In January 2018, after months of speculation, the Department of Education confirmed Collingullie Public School would not operate that year.
More than a year on, residents of the Riverina town are determined to save the school from being sold in the hopes it could one day reopen.
Mother-of-two Sara Jones said the school community suggested in a meeting that organising a playgroup could keep the building from being sold.
"The community needs to work together if they don't want it to be sold...if the community uses the school again, hopefully that will lead to more enrolments in the near future and that could keep the school open," she said.
"My family members have been to this school and there's kids that are in high school who I see a lot and have good memories here.
"It's just such an awesome school and the parents have raised [funds for] the kitchen and shade area for the basketball courts as well as fundraisers to get the school to where it is now, so it would be such a shame to lose it."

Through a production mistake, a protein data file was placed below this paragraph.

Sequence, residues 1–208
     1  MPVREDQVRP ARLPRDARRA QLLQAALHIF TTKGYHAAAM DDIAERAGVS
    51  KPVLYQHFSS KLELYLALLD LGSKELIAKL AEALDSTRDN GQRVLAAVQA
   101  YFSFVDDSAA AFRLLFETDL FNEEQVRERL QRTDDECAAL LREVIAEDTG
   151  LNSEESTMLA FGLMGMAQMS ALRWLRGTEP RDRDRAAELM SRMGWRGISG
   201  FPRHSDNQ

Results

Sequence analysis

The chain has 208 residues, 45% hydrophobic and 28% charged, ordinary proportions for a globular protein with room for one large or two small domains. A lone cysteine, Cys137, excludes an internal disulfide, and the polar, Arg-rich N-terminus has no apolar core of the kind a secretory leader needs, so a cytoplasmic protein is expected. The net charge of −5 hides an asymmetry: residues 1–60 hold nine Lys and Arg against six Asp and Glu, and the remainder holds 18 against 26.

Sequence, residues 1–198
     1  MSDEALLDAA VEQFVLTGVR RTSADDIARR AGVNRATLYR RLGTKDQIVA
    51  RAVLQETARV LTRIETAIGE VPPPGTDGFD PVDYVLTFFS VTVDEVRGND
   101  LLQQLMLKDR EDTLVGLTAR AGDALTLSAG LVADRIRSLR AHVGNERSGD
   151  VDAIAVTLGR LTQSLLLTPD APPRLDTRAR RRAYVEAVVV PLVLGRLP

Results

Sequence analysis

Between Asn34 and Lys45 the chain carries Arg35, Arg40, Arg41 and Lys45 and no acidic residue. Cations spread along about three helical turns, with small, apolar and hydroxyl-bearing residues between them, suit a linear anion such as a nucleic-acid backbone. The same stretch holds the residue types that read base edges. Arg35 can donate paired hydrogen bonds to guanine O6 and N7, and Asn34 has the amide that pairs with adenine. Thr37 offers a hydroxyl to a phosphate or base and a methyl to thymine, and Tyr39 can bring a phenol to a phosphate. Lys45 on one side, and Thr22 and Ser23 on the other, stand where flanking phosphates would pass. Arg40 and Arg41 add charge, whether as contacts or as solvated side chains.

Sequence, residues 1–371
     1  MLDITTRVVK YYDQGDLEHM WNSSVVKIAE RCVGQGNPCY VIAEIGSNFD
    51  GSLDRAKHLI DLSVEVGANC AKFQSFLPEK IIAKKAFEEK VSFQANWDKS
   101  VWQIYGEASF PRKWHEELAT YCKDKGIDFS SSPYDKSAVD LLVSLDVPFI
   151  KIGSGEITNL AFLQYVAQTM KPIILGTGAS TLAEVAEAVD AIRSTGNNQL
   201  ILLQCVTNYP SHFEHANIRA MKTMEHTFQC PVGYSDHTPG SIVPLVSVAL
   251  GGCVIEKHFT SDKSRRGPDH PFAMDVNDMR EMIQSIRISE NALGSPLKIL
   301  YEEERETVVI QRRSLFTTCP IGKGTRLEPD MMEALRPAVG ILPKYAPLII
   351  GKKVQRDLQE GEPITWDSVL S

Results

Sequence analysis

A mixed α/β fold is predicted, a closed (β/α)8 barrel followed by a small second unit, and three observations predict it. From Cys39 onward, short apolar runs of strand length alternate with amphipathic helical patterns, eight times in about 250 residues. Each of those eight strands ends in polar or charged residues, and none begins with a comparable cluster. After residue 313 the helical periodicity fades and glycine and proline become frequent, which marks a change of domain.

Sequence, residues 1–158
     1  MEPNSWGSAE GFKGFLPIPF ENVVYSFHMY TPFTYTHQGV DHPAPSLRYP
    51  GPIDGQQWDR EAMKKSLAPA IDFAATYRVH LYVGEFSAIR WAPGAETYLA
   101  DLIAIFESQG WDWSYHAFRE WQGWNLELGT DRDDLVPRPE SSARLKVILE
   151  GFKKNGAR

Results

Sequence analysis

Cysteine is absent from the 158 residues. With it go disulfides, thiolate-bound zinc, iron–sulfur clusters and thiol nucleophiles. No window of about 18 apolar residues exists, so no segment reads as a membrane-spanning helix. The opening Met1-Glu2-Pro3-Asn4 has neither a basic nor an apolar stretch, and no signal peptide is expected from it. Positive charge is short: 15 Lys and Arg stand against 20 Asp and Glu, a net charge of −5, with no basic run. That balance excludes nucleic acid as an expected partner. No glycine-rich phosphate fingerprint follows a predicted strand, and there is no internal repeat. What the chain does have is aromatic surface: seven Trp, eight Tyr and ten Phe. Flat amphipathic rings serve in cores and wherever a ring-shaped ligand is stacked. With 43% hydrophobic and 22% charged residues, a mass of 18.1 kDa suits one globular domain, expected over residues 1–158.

Mrs Jones said the school is at the heart of the community.
"If we don't have a school here, we've only got a shop, a pub and the village," she said. "Who would want to move out here and build or rent homes if they have to send their kids into town for school?"
Mrs Jones' eight-year-old daughter Kilarny Trethowan was enrolled at CPS until year 1, but is now attending South Wagga Public School.
"I miss this school heaps and my favourite things were my teacher and friends," Kilarny said.
Another resident Vicky Lisle said the approval of a subdivision, beside the school, could bring more people into the town and drive demand for the school.
"I don't think there's enough kids at the moment to get the school running again...but I think looking at the babies popping up now there's so many that we can keep the school open in recess," Mrs Lisle said.
"I think the most important thing at the moment is to use the facilities and keep it open so that in the future when there are the enrolments and the numbers, it's not closed down and impossible to get it going again."
Mrs Lisle said she would love to see the school reopened as it would mean young children would not have to travel far.
"I grew up in England in a little country town very similar to here and my husband grew up here and we would love for our kids to be able to go to a little village school," she said.
"It would be such a loss for the village."
At this stage, the playgroup has about 15 interested people and is welcoming newborns to school aged children.